Tuesday, May 31, 2005

Our Persistent Efforts to Create a Labour Shortage

We've all been hearing the "labor shortage" stories for some time. For example, a recent report from "down under" advises us that "Our future is no longer one of abundant labour supply; quite the opposite. Business will need to work harder to attract and retain staff."

Why then are we not surprised to see the following report of a potential labour surplus in the UK? According to Andrew Taylor at FT.com (Financial Times) in an article entitled Unemployment of over-50s costs economy up to £31bn a year

"The government needs to do more to increase job opportunities for unemployed workers aged over 50 to prevent a loss of skills and experience costing the economy billions of pounds, a parliamentary report says today.

The study by the public accounts committee said there were insufficient data to determine whether the government's New Deal 50 Plus programme was working effectively."

Is this supply/demand inbalance due to geography? I think not. There is a perception afoot in the marketplace that the "over-50" workforce does not have the currently needed skills to get ahead today, or that they simply won't fit in organizations with a predominantly younger workforce. All the skills training in the world won't overcome prejudice and pre-formed perceptions.

It's ironic that the portion of the workforce now being overlooked has been statistically shown to be the most loyal, most willing to put up with slow advancement and most likely to show up and be productive even when the work environment is less than supportive. Labour shortage? It may be one of our own creation.

Tuesday, May 24, 2005

Where Are They Really Taking Those Eight Days?

According to a new study conducted by the folks at Universal Orlando Resort and Bert Sperling, Americans are foregoing 8 days of earned vacation per year on average. This is particularly prevalent in the Northeast, and in areas recently hit by tech industry collapse or experiencing significant unemployment.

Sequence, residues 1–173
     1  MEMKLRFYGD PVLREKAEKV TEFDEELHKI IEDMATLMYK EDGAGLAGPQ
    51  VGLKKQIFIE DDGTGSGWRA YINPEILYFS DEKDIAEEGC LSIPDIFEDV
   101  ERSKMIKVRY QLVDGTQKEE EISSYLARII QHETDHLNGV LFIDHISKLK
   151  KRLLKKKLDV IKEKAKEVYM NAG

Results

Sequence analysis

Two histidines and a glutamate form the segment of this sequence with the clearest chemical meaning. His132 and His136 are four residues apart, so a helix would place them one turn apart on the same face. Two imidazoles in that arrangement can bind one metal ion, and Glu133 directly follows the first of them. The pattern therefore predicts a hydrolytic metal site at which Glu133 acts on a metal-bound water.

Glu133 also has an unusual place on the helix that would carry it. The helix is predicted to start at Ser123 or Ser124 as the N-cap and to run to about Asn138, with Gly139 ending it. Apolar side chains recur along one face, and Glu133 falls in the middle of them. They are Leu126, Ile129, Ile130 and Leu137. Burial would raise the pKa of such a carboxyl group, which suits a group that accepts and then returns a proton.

"Universal Orlando Resort and Bert Sperling, founder of Sperling’s BestPlaces, compiled “vacation crisis” scores based on the amount of vacation days people in the 51 largest U.S. metro areas earned on average, and what percentage of those people reported taking vacation the week before being surveyed."

What's interesting are the geographic distinctions. Cities reporting the greatest "all work - no play" inbalances are:

1. Newark, NJ
2. Miami, FL
3. Bergen-Passaic, NJ
4. San Antonio, TX
5. Atlanta, GA
6. Austin – San Marcos, TX
7. Charlotte – Gastonia – Rock Hill, NC
8. Philadelphia, PA
9. Houston, TX
10. New York, NY

At the opposite end of the spectrum, we look West to cities like:

1. Sacramento, CA
2. Nashville, TN
3. Seattle – Bellevue- Everett, WA
4. Oakland, CA
5. San Jose, CA
6. Riverside – San Bernardino, CA
7. Portland – Vancouver, OR
8. Salt Lake City – Ogden, UT
9. Columbus, OH
10. Denver, CO

According to the article, and most studies we've read, passing up vacation leads to more stress, higher incident of illness and an overall decrease in the quality of work. While productivity numbers may lead one to the opposite conclusion (after all, they are at work) we expect that the growth in presenteeism in the workplace is on the rise East of the Mississippi.